References to Mount Kinabalu had also appeared in early maps of the East Indies made by Europeans cartographers, where it was referred to as Mount St. Pedro or Mount St. Pierre. The name Mount St. Pedro was used by map makers such as Gerardus Mercator in his India Orientalis map published around 1595, Nicolaes Visscher II in his early 17th-century Indiae Orientalis map, and several other cartographers. In some maps, for example, the 1710 Ottens's Map of Southeast Asia by Joachim Ottens, the mountain was called Mount St. Pierre. However, John Pinkerton's East India Isles map from 1818 labeled the mountain as St. Peter's Mountain.

Because of the stories of the local people, early geographers believed that there was a great lake at the peak of the mountain.[20] During the Ice age about 100,000 years ago, the mountain was covered with ice sheets and glaciers moved slowly down its slopes. Only the summit peaks were very noticeable above the ice.[29] The natives' oral history may have had its roots in a folk memory of these glistening sheets of ice. The earliest documented expeditions to ascend Kinabalu in March 1851 and in 1858, led by Sir Hugh Low and Sir Spenser St. John, revealed there was no lake.

Later maps, as evident in the maps by Archibald Fullarton & Co. and J.Rapkin, indicated that a lake was located south of the mountain. With further assertions from the Kiau people (of Kota Belud district) that they had done trading business with villagers who lived near the lake shore, St. John thought the lake had probably been located southeast below Kinabalu, where the Ranau plain is situated today. The Dusun word ranahon (ranau) is used to describe a wet field of lowland rice, so highlanders may have thought they were looking at a lake when they saw irrigated rice fields. Explorers William B. Pryer and Captain Francis Xavier Witti concluded there was no lake near Mount Kinabalu when they explored the Ranau plain in the early days.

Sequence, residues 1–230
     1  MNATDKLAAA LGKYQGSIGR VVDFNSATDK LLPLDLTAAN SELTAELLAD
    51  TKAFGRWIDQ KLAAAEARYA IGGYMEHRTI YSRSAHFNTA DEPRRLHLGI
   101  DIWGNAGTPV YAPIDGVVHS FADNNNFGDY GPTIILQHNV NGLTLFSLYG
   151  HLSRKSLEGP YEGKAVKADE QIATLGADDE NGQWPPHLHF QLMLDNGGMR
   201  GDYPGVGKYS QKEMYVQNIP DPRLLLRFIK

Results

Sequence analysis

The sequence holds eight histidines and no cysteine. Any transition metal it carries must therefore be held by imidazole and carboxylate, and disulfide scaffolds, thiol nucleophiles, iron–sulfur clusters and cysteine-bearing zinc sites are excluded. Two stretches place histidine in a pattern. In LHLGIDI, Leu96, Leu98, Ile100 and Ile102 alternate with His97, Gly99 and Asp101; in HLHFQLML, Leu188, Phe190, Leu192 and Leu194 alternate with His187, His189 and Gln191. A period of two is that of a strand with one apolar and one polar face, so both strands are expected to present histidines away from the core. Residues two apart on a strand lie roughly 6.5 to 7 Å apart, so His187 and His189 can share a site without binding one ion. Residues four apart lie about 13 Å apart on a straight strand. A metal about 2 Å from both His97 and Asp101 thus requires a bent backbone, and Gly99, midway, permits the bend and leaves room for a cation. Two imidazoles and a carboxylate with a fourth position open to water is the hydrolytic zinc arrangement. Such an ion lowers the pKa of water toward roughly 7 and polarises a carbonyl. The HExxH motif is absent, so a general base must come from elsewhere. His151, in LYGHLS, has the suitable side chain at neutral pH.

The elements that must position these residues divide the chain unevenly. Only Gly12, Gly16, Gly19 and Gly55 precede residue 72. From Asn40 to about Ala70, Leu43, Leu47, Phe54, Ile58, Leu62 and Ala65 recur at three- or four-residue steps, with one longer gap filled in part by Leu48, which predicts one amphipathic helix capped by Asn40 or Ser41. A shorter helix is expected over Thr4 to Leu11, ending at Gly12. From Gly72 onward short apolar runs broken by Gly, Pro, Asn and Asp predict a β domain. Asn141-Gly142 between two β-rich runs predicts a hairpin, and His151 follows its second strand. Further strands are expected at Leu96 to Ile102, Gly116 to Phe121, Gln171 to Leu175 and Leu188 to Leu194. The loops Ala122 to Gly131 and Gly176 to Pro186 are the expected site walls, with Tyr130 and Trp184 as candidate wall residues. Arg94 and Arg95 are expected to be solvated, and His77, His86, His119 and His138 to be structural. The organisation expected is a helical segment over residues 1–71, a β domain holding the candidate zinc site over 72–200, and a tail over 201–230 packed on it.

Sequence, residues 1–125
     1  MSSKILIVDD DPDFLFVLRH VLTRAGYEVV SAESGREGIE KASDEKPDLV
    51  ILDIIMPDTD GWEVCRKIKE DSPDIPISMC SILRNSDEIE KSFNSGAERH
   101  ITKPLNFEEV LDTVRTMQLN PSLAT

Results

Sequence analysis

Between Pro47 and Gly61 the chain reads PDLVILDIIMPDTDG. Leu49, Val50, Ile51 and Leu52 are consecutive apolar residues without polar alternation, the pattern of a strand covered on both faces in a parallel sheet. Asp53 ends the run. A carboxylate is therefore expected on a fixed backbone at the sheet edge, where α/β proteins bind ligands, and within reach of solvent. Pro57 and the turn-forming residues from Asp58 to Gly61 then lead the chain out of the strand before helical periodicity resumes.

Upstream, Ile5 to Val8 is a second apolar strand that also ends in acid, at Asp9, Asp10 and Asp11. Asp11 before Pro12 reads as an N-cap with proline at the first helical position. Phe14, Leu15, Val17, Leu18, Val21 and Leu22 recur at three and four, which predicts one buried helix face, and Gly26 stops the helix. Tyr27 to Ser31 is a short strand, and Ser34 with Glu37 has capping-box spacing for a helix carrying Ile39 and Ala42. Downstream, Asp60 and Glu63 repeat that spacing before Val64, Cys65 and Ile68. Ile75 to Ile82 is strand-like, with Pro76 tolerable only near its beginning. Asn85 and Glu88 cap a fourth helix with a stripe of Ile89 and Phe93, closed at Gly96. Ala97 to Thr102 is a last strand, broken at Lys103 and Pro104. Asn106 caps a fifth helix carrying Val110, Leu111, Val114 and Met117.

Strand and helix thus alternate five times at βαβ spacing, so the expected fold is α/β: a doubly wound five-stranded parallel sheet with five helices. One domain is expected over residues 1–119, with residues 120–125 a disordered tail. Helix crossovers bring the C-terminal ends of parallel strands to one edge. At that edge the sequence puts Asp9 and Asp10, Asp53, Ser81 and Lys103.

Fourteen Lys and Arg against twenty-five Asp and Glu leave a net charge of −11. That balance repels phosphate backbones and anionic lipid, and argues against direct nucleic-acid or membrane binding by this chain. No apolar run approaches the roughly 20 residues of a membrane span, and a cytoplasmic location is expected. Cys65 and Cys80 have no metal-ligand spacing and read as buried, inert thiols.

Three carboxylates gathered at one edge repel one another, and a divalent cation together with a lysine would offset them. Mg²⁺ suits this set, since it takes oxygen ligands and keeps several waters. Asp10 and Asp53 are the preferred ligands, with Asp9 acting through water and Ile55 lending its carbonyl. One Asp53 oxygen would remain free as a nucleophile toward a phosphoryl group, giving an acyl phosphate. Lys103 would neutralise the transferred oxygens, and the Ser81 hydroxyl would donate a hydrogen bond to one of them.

During the British North Borneo Company administration beginning in the 19th century, Ranau was governed under the Province Dent. Later it organized as a substation of Tambunan with a Government station under the Interior Residency.[32] Ranau was connected to the West Coast Residency only by a bridle road and by a southerly bridle path 64 km (40 miles) to Tambunan. Telegraph line was also available from Ranau to Tambunan.

The Ranau plain and its surrounding hilly areas were historically inhabited by Dusun farmers who practiced shifting cultivation. Their major staple crops were upland rice and lowland wet rice. Natives from Ranau would go to large tamu (native market) at nearby districts to sell and buy, or exchange goods using the barter system. Tobacco, a major export item for the Company, was successfully cultivated in extensive parts of Ranau district, especially in the highlands. It became an important source of income for Ranau natives. At that time, brokers thought that the tobacco produced from highland Ranau and the Interior proper was of high quality compared to that grown down in the lowlands, although the plants were similarly obtained from Ranau.

Between 1897 and 1898, Mat Salleh built a fort in Ranau; he used it as a base three times during his rebellion against the British North Borneo Company. His fort in Ranau was measured at 109 m (119 yd) long and 55 m (60 yd) wide. It had a three-sided strong-point on one side and a watch-tower in the middle. The fort was surrounded by a thick earth wall with high strong fence. Sharp bamboo stakes were thickly sown into the grounds around the fort. Mat Salleh first entered Ranau on February 10, 1897, where he gained many Dusun followers; his influence increased to as far as Inanam. The Company was aware of this development. It attacked his fort in Ranau on February 23, which resulted in the death of his father. Mat Salleh escaped but retreated back to Ranau in July the same year. After being tracked down by Captain J.M. Reddie and E.H. Barraut, Ranau was attacked again but escaped.[41] Mat Salleh's final movement to Ranau occurred in November 1897.

A total of 288 Sikh, Iban and Dayak policemen from Abai Bay and Sandakan led by G. Hewett, George Ormsby, P. Wise, and Adjutant Alfred Jones, were ordered to invade Mat Salleh's fort in Ranau on December 13, 1897. The fort was significantly destroyed; during the action Jones and 13 other policemen were killed. On January 9, 1898, Hewett and his troops attacked the Ranau fort again, to find it had been abandoned by Mat Salleh and his followers. The government forces destroyed the fort completely. As a result of this rebellion, the Company built an administration building in the district. It erected a "loyalty oath stone" as a sign that the residents of Ranau swore loyalty to the Government. The loyalty oath stone still exists until today.